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The Danger of Washing Your Hands: What a 19th Century Hungarian Doctor Taught Me About Running ENGin

*This post is adapted from Katerina Manoff's speech at our annual event "The Power of Conversation

Collage of Dr Ignaz Semmelweis and ENGin Participants

In 1847, Dr Ignaz Semmelweis came up with a wild idea. He'd noticed a problem in the obstetrics ward of the Viennese hospital where he'd been practicing: a tragic, stubbornly high incidence of postpartum infections in new moms, leading to death rates as high as 1 in 5 women. None of the other doctors or medical students at the well-regarded teaching hospital could figure out why - and they didn't seem too bothered about it.

Semmelweis was bothered. The clinic, which catered to poor women bearing illegitimate children, had gotten a terrible reputation. Women would rather give birth on the streets than take their chances with the doctors. 

And there was another mysterious twist. This same hospital had a second maternity ward, this one staffed exclusively by midwives. The death rate there was a fraction of what Semmelweis and his colleagues could achieve. 

Semmelweis began experimenting. He tirelessly compared every detail of the processes and procedures at the clinics. His breakthrough came by chance - when a friend died of infection after a cut from a dirty scalpel while performing an autopsy. 

At this time, germs had not yet been discovered. There was no theory to guide Semmelweis. But he took a shot in the dark and proposed that there was something dangerous in those cadavers. Perhaps, doctors who had been doing autopsies should wash their hands in an antiseptic solution before delivering babies. 

Of course, he didn't expect his colleagues to take his revolutionary idea for granted. He set up an experiment with a new handwashing protocol and documented how maternal mortality fell from 18% to 2%. And then, he went out into the field to tell his story. 

The other doctors did not take this well. They were offended at the suggestion that their hands could possibly be dirty. They mocked Semmelweis and ran him out of Vienna. He got increasingly desperate,  his words grew more aggressive, but nothing changed. He ultimately had a nervous breakdown and was put into an insane asylum, where he was beaten to death. 

Nearly 200 years later, I was logging into a Zoom call to share an innovation of my own. Mine didn't save lives, but it certainly made them better :) And, like Semmelweis' idea, it didn't quite fit. 

A lot has changed since the 19th century, but we still live in a world of boxes - language study, psychological support, cultural exchange, professional mentorship. ENGin transcends these categories, igniting conversations that offer English fluency, friendship, cultural exchange, academic and professional support, all in whatever particular mix each student needs. ENGin is incredible - we know this because tens of thousands of people have joined the program and loved it - but it's a hard sell to the powers that be.

Last week, I had the chance to meet an influential member of the Ukrainian diaspora who is passionate about Ukraine's recovery and involved in high-level government, nonprofit, and business circles. I asked for his advice about our dilemma - how can I put the ENGin magic into words?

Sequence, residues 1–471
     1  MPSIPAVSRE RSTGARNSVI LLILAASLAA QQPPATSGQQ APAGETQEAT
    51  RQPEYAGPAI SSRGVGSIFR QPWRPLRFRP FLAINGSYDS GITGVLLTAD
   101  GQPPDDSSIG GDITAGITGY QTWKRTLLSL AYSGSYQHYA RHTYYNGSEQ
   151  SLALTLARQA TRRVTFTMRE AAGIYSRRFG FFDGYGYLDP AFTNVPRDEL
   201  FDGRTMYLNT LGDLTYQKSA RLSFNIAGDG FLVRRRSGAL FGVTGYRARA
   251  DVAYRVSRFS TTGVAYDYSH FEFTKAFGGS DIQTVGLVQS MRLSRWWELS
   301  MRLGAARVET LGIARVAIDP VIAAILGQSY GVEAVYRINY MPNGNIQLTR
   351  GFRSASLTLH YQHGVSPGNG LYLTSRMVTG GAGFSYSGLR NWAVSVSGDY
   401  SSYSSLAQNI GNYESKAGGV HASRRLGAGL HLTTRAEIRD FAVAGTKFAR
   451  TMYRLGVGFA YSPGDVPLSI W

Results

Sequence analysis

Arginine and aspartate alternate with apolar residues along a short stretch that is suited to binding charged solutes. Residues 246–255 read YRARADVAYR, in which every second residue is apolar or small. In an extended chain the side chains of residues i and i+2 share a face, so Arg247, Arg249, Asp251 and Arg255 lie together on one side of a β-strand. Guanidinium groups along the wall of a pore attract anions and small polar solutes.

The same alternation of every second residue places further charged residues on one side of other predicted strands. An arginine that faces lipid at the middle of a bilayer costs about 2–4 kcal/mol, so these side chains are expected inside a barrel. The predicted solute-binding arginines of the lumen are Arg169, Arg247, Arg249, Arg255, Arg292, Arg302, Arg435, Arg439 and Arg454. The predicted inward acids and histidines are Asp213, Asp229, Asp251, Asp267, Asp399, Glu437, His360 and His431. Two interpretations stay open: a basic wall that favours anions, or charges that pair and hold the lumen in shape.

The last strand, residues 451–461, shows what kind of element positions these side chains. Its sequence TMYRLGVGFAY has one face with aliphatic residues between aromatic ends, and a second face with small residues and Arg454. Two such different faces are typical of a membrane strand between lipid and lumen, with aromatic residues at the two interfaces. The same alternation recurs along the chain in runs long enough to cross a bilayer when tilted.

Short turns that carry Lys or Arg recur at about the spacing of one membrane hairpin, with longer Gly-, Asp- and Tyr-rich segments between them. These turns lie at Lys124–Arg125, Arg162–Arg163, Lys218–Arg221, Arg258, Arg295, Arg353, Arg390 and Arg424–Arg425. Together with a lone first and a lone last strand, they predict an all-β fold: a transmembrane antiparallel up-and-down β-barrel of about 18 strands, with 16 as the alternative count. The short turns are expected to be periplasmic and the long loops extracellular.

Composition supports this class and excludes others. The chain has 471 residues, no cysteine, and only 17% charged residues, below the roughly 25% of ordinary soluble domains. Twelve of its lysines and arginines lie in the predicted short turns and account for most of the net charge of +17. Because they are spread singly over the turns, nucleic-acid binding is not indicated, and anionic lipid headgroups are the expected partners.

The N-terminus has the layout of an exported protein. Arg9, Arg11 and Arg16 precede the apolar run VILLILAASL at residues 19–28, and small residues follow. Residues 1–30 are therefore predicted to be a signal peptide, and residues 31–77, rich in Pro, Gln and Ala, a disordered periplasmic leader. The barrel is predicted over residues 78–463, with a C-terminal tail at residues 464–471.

I described our simple, one-of-a-kind model that has reached nearly 45,000 people; I explained how both students and volunteers benefit from their ENGin sessions. He listened patiently, and then he said, "Yeah, no one is going to fund that. Unless your husband is a multimillionaire, I suggest you come up with a new idea."

I won't lie, I was a little crushed. But, I decided, if Ignaz Semmelweis could take it, so can I. So long as hundreds of students are signing up for our program every week (without us even marketing in Ukraine!), I will continue fighting for ENGin. 

As just one regular person, there may not be much I can do. But, as one of my favorite Ukrainian sayings reminds me, "I am a drop in the ocean." 

Alone, we may be tiny drops of water. But, when we come together, we can do anything. ENGin is proof of that. 

ENGin is lucky to have something Semmelweis did not. We have all of you. We are here today because of regular people just like you, who believe in our revolutionary approach, who understand that the fact that we don't fit in a box is our strength, not our weakness. Together, we can change the lives of a generation of Ukrainians. We can put Ukraine on a trajectory to peace, recovery, and growth. 

Innovation has always been an uphill battle - I don't think it will ever get easier. Innovators must fight the powerful forces of inertia and entrenched power imbalances. It's no surprise that most startups fail, regardless of industry or mission. 

And yet, we are here today. We are here because thousands of regular people have supported us - donating, organizing fundraisers, sourcing grants from their employers, encouraging their friends to join the program as volunteers, writing to their local media. These community-driven efforts are at the heart of ENGin's success so far, and they are what will help our program thrive against the odds. 

Please join me in this fight to build Ukraine's and Ukrainians' futures. 

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May 12
Rated 5 out of 5 stars.

Well said, Katerina.

I've been a volunteer since April 2023 and this little "drop in the ocean" will continue to support ENGin for as long as I can.

Keep up the great work!

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